Why copying Ferrari/Red Bull F1 sidepods was never on table for Mercedes in 2022
Mercedes said it never considered copying rival sidepod designs this year, despite other Formula 1 teams falling in line with the benchmark Red Bull and Ferrari solutions.
The German car manufacturer went completely its own route for 2022, adopting a ‘zero sidepod’ solution on the W13, which was very different to the downwash Red Bull idea and the inwash Ferrari concept.
But while Mercedes endured difficulties with its 2022 challenger, the team remained adamant that its issues were nothing to do with its very different sidepod solution.
And, with its key focus being on curing the porpoising problems that blighted the start to its campaign rather than worrying about the sidepods, changes it made to most other aspects of its car eventually helped turn its car in to a winner.
Mercedes trackside engineering director Andrew Shovlin said that the team never felt that it needed to focus too much effort on the sidepod solution as it was not triggering a big performance deficit.
Plus, he pointed out, the team has always known that the best route to success in F1 was to push on with its own ideas than simply copy others.
“Most of the engineering, certainly from the aerodynamic point of view, a lot of it are the bits you can't see under the floor,” said Shovlin. “That is where a lot of that work is.
“The sidepod concept was something that we had to commit to anyway for the year realistically. But if we'd been more focused on just trying to find a quick fix, we may have been copying and rolling it out and seeing what it does.
“The goal for us though was always to try and understand it ourselves and learn and find our own path, because if you want to win, and you want to win races and world championships, you don't get there by copying everyone else's design.
“All our other cars have had pioneering features on them, they had clever ideas. We have tried to be leading with the technology, so we'll carry on doing that.”
Lewis Hamilton, Mercedes W13
Photo by: Steve Etherington / Motorsport Images
Despite sticking steadfast to its sidepod solution for 2022, Mercedes could yet make a switch for next year as it ponders a rethink of its car concept.
Red Bull’s sidepod design was not the only thing that grabbed attention this year, because it was the team’s low-drag concept – which helped deliver impressive top speed – that gave it a big advantage over the course of the campaign.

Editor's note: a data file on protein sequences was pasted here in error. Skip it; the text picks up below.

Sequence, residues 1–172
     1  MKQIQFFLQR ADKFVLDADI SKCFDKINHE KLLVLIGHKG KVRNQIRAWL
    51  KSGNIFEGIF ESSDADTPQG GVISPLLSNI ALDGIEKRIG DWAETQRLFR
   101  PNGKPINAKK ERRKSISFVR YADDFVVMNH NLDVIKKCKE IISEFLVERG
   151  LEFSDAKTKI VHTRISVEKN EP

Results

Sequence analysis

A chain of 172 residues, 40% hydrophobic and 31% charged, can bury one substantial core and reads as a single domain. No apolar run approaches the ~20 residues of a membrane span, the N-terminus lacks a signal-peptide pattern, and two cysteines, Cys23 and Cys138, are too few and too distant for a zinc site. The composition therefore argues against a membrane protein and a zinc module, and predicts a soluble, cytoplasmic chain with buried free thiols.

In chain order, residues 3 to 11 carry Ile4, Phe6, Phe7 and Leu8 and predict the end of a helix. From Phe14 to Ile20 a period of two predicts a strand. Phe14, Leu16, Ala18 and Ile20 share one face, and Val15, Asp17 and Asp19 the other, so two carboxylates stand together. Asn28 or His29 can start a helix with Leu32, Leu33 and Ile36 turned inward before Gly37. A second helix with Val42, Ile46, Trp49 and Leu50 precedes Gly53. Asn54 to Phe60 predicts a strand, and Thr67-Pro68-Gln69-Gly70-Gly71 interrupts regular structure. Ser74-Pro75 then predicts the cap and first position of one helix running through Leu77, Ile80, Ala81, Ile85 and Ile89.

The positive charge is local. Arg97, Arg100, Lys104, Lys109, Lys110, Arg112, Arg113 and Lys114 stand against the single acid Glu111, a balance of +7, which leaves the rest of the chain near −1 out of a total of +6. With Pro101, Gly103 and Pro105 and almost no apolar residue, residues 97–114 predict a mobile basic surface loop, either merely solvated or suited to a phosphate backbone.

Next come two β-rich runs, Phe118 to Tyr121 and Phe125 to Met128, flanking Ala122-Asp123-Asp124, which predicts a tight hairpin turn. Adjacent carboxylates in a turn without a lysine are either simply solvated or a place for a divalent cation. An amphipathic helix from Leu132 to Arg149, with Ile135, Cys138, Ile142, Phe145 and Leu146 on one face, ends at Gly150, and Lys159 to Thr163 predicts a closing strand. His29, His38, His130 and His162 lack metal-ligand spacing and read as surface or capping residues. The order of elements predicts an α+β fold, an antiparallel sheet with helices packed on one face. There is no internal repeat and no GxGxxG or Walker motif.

Shovlin said that Mercedes, which suffered from high drag, was aware of the characteristic, but was not obsessed with simply boosting straightline speed potential in 2023.
“When you've got a completely new set of rules, it's difficult to know where everyone is going to design to,” he explained.
“Their car looks like it has less drag if we put the same wings on it. In the earlier part of the year, we were having to run very high [downforce levels], which was certainly not helping from that point of view.
“But if you look at Brazil, we didn't have the fastest car, but we could overtake them and we were able to get the 1-2. So making it quick in a straight line is not our highest priority. And one of the fastest in a straight line is the Williams. So it doesn't define your performance level.
“But when you are very similar, obviously, it's a nice advantage to have. So it's something we'd like to fix. It's just that the priority will always be the base performance of the car and getting that in the right place.”
Mercedes managed to address most of its porpoising problems over the course of the campaign, but still encountered a few issues later in the season.
Shovlin says he is mindful of the problem returning as the team adds more downforce to the car over the winter, but he reckons new floor edge rules will also help it overcome some of its most obvious problems.
“The more you load up the floor, the more you can trigger those problems,” he said. “Where we have made very good progress is in the straightline. So back in Imola, Jeddah, Bahrain, all those early races, the car was bouncing really badly at high speed. And we managed to get a really good handle on that.
“There were still issues we got when the car rolled in a fast corner and the floor gets to a point where it's touching. And that can cause a bit of unsteadiness. But the rule changes for next year will help that.
“Fundamentally, though, they're not going to make the problem go away. They'll make it a bit easier for the teams. But we're hopeful that the work we put into the learning and the understanding in the early part of the year will help us at least develop to a good baseline next year.”
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